Buffalo police officers no longer required to display their names on badges

Posted at 8:22 AM, Sep 25, 2020

BUFFALO, N.Y. -- Buffalo police officers are no longer required to display their names on their badges after a change in departmental rules. Officers will now be required to wear badges that show a badge number instead.

According to Mayor Byron Brown, the change was made about a week ago due to ongoing concerns for officer safety. Brown says officers have been subjected to online threats, targeting them and their families.

Buffalo Police Department Captain Jeff Rinaldo said the commissioner issued the order early last week. He said more than a dozen officers have received threats.

“It is extremely serious, there has been some absolutely disgusting things said about officers and their small children, and threats to their well-being on websites," said Rinaldo.

Brown said some of the instances of doxing are caused by people from outside of Western New York.

The move comes after months of protests for police reform in the city. People have called for Mayor Brown and Commissioner Lockwood's resignation, including Thursday night.

"That is disturbing," said India Walton of Buffalo, who advocates for police reform. "And the reason why we are calling for his resignation, and the resignation of Byron Lockwood the Police Commissioner, and the resignation of the District Attorney John Flynn, is because we don't feel adequately represented, and we don't feel safe in our own communities. And allowing officers to not display their names, is another way of hiding the injustices that the people in our community face every single day, and we're so tired of it."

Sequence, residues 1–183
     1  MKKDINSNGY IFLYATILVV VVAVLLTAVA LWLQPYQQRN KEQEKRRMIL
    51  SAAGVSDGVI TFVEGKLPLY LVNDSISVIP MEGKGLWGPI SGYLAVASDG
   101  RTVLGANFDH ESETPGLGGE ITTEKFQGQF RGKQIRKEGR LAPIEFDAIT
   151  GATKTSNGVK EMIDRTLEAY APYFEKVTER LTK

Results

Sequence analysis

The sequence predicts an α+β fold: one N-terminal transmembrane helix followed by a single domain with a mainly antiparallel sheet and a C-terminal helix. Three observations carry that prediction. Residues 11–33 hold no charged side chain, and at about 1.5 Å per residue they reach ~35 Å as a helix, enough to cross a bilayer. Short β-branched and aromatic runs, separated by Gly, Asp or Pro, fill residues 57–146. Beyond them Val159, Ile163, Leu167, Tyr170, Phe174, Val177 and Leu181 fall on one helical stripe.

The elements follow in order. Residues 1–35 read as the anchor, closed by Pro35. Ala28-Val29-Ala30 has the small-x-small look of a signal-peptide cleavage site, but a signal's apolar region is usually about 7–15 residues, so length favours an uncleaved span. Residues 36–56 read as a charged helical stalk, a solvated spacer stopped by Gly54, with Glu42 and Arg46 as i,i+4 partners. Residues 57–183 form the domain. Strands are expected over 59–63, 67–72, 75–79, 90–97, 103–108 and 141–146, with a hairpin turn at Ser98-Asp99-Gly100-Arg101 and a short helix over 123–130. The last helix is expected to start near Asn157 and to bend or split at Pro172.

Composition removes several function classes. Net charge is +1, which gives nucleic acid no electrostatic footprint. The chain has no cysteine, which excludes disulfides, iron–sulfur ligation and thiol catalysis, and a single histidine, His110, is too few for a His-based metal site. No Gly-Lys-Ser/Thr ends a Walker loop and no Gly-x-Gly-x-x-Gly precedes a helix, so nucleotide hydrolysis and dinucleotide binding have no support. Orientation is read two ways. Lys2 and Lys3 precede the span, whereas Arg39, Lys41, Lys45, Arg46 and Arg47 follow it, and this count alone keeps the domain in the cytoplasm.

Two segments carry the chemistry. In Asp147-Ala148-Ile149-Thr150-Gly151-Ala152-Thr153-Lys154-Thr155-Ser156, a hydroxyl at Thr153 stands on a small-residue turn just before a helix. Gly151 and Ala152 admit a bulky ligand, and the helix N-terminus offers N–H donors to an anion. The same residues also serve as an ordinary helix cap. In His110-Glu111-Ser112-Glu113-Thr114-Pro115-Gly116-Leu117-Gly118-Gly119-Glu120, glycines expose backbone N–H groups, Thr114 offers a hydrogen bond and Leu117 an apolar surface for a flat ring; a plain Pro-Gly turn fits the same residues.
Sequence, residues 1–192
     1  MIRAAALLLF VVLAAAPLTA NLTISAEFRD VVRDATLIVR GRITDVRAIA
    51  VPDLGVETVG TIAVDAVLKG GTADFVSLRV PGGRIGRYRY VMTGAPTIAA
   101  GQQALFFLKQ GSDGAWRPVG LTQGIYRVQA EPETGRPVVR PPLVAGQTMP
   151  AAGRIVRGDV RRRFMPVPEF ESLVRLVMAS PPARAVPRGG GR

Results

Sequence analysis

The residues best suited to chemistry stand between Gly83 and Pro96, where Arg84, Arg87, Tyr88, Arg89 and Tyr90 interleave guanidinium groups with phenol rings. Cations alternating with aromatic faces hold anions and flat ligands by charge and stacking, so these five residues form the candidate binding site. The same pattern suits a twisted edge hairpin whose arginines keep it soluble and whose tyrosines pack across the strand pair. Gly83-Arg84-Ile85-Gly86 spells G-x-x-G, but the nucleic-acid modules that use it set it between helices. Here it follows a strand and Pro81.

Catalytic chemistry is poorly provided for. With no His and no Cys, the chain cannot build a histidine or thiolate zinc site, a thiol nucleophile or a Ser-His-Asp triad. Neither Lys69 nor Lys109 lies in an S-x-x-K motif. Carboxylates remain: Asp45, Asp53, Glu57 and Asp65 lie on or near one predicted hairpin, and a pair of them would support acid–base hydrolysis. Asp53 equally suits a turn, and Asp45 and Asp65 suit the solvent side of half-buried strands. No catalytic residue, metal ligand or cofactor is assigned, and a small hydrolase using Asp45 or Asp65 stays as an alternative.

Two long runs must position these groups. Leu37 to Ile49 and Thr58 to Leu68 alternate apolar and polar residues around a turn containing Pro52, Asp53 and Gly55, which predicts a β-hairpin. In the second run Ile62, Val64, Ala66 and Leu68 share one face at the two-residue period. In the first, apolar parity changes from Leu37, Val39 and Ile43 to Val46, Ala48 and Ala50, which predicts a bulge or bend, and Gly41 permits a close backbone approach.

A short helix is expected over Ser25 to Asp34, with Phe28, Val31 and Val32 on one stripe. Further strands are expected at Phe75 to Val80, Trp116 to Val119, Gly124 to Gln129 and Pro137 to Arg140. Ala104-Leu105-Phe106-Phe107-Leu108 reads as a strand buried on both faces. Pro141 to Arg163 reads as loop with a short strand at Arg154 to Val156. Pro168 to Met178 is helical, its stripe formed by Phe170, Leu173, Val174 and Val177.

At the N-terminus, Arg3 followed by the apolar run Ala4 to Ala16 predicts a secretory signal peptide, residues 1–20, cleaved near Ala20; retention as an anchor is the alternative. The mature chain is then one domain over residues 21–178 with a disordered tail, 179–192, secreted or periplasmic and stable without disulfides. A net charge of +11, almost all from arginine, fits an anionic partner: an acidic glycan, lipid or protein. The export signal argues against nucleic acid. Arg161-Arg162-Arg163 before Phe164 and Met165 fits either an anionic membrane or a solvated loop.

In August, concerns arose that officers were covering their names during protests along Hertel Avenue. At that time, the BPD manual stated that, "Uniforms to be worn properly. Name tags must always be displayed on the outer most garment."

The Buffalo PBA had been pushing for the change since August, noting that other departments across the country only require identifiable badge numbers.

Protest organizers say the lack of names violates transparency with the public.

The policy change was not publicly announced by the city or the police department when it initially happened.

This story was originally published by staff at WKBW.